We love hearing new office lingo and office buzzwords. Every company seems to have it’s own set of office language and, as annoying as we think those terms are, they seep into our brain like a song we can’t get out of our head. The moment you find yourself using them without thinking twice you know you have officially “drank the koolaid” as they say. While, out of context, workplace jargon may sound like an SNL skit, knowing your workplace vernacular can be an important part of understanding your company’s culture. The problem with office lingo is when it becomes so overused that the jargon lacks action or meaning.
Here are some of our favorites! Tell us yours!
In a sentence: “What’s the there there?”
Translation: What’s the point? What’s the goal? Although, everyone seems to have a hard time defining this one or knowing where it even came from. For more answers, Google “there there and Gertrude Stein.”
“We can pressure test that idea in our next leadership meeting.”
Translation: Let’s see if this is really a good idea or not.
“Write up a strawman for us to discuss so we have something to react to.”
Translation: You do the work first and then I’ll tell you what I think.
“Give me a white paper on that.”
Translation: I’m going to see how serious you are about your idea by telling you to put it on paper.
Put a pin in it:
“Let’s put a pin in that and come back to it.”
Translation: I don’t feel like talking about that right now.
“Can we take a minute to unpack that idea further?”
Translation: Pump the brakes buddy, we need to talk about that more.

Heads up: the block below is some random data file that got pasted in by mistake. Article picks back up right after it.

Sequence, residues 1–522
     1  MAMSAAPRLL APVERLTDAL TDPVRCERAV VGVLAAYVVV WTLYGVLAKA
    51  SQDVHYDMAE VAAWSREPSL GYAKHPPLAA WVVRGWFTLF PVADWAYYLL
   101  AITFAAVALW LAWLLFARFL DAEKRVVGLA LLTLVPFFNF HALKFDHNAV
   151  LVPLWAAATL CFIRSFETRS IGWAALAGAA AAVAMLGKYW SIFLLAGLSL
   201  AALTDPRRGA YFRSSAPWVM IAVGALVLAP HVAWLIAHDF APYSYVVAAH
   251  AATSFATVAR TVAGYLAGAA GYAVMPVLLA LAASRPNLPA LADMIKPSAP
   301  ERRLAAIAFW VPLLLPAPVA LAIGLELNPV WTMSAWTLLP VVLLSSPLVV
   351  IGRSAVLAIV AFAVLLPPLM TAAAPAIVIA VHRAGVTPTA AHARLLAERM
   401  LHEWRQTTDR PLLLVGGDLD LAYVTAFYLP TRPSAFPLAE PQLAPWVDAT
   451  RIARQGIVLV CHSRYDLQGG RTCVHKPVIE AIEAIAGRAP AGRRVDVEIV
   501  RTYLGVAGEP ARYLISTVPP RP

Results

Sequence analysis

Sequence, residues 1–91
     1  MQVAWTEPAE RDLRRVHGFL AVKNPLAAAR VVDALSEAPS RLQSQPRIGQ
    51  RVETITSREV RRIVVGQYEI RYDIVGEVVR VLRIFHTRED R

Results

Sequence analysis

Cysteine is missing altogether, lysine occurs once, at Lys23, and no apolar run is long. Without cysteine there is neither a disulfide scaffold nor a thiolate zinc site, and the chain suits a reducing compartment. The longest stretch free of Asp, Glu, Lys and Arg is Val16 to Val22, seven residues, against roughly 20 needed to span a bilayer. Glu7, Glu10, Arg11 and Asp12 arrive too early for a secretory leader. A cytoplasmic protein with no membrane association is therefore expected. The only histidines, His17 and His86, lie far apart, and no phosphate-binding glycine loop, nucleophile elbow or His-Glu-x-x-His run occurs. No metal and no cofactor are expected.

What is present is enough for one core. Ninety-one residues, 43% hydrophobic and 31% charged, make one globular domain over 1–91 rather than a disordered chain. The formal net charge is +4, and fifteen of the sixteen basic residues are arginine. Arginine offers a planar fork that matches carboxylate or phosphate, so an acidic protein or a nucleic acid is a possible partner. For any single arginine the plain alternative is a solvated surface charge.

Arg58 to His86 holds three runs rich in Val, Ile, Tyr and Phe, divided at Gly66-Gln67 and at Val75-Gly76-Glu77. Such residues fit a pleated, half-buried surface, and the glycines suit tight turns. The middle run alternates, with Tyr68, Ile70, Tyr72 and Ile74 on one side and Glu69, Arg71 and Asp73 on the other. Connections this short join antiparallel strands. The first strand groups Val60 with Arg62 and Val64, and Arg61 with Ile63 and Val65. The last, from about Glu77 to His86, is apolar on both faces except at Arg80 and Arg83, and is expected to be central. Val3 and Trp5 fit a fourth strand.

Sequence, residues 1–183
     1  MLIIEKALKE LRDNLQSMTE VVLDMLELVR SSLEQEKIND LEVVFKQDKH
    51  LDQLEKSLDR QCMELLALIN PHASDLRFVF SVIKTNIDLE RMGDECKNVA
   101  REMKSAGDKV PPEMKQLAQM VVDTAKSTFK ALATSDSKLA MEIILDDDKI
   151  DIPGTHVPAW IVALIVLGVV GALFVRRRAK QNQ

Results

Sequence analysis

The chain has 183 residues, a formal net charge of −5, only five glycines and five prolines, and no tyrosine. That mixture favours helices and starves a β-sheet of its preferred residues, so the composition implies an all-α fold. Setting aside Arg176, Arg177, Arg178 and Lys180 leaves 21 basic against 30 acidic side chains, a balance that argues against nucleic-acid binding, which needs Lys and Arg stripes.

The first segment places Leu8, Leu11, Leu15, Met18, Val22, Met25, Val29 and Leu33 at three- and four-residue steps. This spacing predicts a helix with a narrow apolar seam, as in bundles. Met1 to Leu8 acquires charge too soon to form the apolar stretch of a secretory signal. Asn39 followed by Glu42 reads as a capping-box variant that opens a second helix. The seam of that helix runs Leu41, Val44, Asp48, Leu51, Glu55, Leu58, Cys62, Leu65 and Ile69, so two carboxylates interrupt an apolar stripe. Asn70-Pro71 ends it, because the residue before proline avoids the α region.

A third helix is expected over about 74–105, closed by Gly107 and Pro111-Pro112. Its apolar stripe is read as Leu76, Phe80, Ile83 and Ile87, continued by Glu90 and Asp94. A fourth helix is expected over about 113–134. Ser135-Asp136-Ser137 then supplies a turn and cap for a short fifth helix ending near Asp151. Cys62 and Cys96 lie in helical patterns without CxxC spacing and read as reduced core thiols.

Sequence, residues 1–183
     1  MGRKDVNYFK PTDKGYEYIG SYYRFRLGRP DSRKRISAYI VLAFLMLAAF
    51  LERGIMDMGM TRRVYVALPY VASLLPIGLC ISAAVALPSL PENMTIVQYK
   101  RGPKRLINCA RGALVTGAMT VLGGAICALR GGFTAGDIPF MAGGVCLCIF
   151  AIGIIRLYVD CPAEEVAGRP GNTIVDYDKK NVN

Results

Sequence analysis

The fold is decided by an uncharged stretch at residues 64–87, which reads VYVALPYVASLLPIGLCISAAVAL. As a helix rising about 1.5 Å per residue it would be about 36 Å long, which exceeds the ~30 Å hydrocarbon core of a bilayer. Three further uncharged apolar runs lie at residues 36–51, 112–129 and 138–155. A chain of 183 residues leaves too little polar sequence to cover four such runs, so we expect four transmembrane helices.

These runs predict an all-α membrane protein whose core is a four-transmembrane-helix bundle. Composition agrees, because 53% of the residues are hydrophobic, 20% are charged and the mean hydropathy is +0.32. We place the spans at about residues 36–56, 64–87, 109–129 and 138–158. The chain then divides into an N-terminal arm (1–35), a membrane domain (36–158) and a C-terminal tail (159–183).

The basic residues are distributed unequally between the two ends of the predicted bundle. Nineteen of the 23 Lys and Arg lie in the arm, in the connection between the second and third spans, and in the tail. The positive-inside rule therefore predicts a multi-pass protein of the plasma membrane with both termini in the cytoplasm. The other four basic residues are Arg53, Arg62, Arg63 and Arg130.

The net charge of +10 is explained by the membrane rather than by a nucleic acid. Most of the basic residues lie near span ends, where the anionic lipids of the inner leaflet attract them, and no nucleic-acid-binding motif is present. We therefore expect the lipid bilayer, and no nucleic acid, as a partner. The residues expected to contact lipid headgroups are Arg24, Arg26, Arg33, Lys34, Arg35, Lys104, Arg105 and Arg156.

“Let’s take this conversation offline.”
Translation: I don’t want witnesses to our either extremely granular and boring or super controversial side bar commentary.
“I”m concerned about the bandwidth of my team with all of the upcoming additions to our calendar.”
Translation: We’re overworked, probably underpaid, and we need more staff.
“I’ll ping the sales team for the numbers they promised us.”
Translation: Get in touch, reach out.
Circle the Wagons:
“Let’s circle the wagons to make sure we’re all on the same page for tonight’s program.”
Translation: Huddle up.
Boil the Ocean:
“We’re not trying to boil the ocean here.”
Translation: We’re not trying to do the impossible. Alternately, it can mean wasting time.
“Let’s put that idea in the parking lot for right now.”
Translation: See “put a pin in it”
“Data analytics isn’t in my swim lane.”
Translation: Not my problem, not my area.
Water Through the Pipes:
“Let’s put some water through the pipes on this and see what people think.”
Translation: Where are the leaks/issues? See “pressure test.”